Later January 26: McGahn Briefs Trump, Priebus, and “Other Advisors” About Yates’ Flynn Claims

After his meeting with Yates, McGahn briefed Trump, then-chief of staff Reince Priebus and “other advisors” about Yates’ Flynn claims, according to the Trump attorneys’ letter.

Among the concerns expressed during the briefing “was a recognition by McGahn that it was unclear from the meeting with Yates whether an action could be taken without jeopardizing an ongoing investigation,” McGahn’s memo said. “President Trump asked McGahn to further look into the issue as well as finding out more about the calls.”

According to her testimony, Yates had told McGahn at the first meeting that it was up to the White House what to do about Flynn. It’s not clear if she told him anything more about how such action would affect an ongoing probe.

McGahn would go on to request a second meeting with Yates.

Yates testified that McGahn did not indicate to her during the second meeting that he had discussed their first Flynn meeting with anyone else. A February 14 2017 statement from then-White House Press Secretary Sean Spicer recounted McGahn’s briefing of Trump and “a small group of senior advisors.”

January 27: Second Yates-McGahn meeting

Yates and McGahn both said that McGahn had raised concerns about whether the White House taking action against Flynn would affect an ongoing investigation.

“We told him, both the senior career official and I, that he should not be concerned with it, that General Flynn had been interviewed, that their action would not interfere with any investigation and in fact, I remember specifically saying, you know it wouldn’t really be fair of us to tell you this and then expect you to sit on your hands,” Yates testified. In addition to a DOJ lawyer that accompanied Yates, a White House associate working with McGahn also was at the meeting.

McGahn’s memo, likewise, said that Yates indicated “that the DOJ would not object to the White House taking action against Flynn,” but also recounted that Yates refused to confirm or deny an investigation.

The McGahn memo revealed for the first time his recollection that Yates “indicated that the DOJ would not object to the White House disclosing how the DOJ obtained the information relayed to the White House regarding Flynn’s calls with Ambassador Kislyak.”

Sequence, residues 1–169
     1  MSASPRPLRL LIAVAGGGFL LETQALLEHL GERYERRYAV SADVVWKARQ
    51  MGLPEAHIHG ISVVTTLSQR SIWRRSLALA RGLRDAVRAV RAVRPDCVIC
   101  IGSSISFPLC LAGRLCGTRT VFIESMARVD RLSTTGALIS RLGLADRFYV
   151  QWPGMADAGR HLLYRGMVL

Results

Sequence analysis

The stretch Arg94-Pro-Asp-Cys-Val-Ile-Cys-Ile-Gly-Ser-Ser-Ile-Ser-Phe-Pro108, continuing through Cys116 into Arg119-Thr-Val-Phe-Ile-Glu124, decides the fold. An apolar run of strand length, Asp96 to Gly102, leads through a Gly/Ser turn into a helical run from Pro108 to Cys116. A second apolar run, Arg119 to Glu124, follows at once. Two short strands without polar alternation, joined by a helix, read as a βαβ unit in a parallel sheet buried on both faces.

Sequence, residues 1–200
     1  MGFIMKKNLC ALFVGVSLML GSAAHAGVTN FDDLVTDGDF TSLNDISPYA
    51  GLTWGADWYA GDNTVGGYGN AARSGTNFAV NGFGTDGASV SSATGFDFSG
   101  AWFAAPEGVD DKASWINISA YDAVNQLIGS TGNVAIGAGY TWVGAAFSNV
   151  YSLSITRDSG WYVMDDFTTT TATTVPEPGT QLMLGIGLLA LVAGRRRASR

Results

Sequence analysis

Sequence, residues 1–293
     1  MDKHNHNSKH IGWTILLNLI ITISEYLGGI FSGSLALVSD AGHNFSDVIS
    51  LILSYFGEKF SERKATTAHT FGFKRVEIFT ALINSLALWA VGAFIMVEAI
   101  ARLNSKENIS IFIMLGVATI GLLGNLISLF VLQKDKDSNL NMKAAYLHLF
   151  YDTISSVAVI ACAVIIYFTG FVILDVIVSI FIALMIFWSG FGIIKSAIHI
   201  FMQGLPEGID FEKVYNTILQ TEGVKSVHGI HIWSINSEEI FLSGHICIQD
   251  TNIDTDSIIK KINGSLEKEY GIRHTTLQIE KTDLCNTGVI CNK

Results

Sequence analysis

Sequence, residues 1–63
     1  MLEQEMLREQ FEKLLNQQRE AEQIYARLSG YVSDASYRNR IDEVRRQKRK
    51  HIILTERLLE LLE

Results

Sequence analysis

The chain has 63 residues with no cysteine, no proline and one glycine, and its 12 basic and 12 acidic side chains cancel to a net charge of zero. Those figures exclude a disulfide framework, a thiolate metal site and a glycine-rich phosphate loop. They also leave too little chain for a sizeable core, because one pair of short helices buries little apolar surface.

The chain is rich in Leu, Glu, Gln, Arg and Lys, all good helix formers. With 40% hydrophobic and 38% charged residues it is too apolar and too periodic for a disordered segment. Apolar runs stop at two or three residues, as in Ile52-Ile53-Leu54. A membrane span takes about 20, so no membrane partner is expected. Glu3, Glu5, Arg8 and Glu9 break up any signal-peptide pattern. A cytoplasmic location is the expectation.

The New York Times interpreted that to be a reference to the wiretap on Kislyak that picked up his conversations with Flynn.

Trump’s attorneys, in their letter, argued that Yates’ green-lighting of such a disclosure helped the White House conclude that there was no active investigation into Flynn — and thus Trump couldn’t have been obstructing it with his request to Comey.

But when Yates, in her testimony, went through the topics that had come up in her meeting with McGahn, she didn’t mention giving him permission to disclose the surveillance.

“The first topic in the second meeting was essentially why does it matter to DOJ if one White House official lies to another. The second topic related to the applicability of criminal statutes and the likelihood that the Department of Justice would pursue a criminal case,” she testified. “The third topic was his concern that their taking action might interfere with an investigation of Mr. Flynn. And the fourth topic was his request to see the underlying evidence.”

Yates testified that she told McGahn it was likely he’d be able to look at the underlying evidence, but that she wanted to work it out with the FBI first over the weekend. That Monday morning, she called McGahn to let him know he could come over to the Justice Department. Yates was fired by Trump later that night over her refusal to defend his travel ban.

Conversations With Flynn After the Yates Meetings

The Trump attorneys’ letter doesn’t say whether McGahn continued to seek the underlying evidence against Flynn. But it documents other conversations White House officials had with Flynn about Yates’ claims.

McGahn was in a February 8 meeting with Priebus, Flynn and another White House official where Priebus “asked Flynn whether Flynn spoke about sanctions on his call with Ambassador Kislyak,” according to the letter. Flynn said he wasn’t sure and didn’t remember doing so. Asked about the FBI interview, Flynn told Preibus “that FBI agents met with him to inform him that their investigation was over.”

Flynn would claim on another phone call with McGahn on February 10 that “the FBI told him they were closing it out,” according to the letter.

That day, McGahn and Preibus would tell Trump he had to let Flynn go, and by February 13, his resignation letter was handed in. McGahn wrote the memo two days later, the day after Trump had dinner with Comey and allegedly asked him for his loyalty.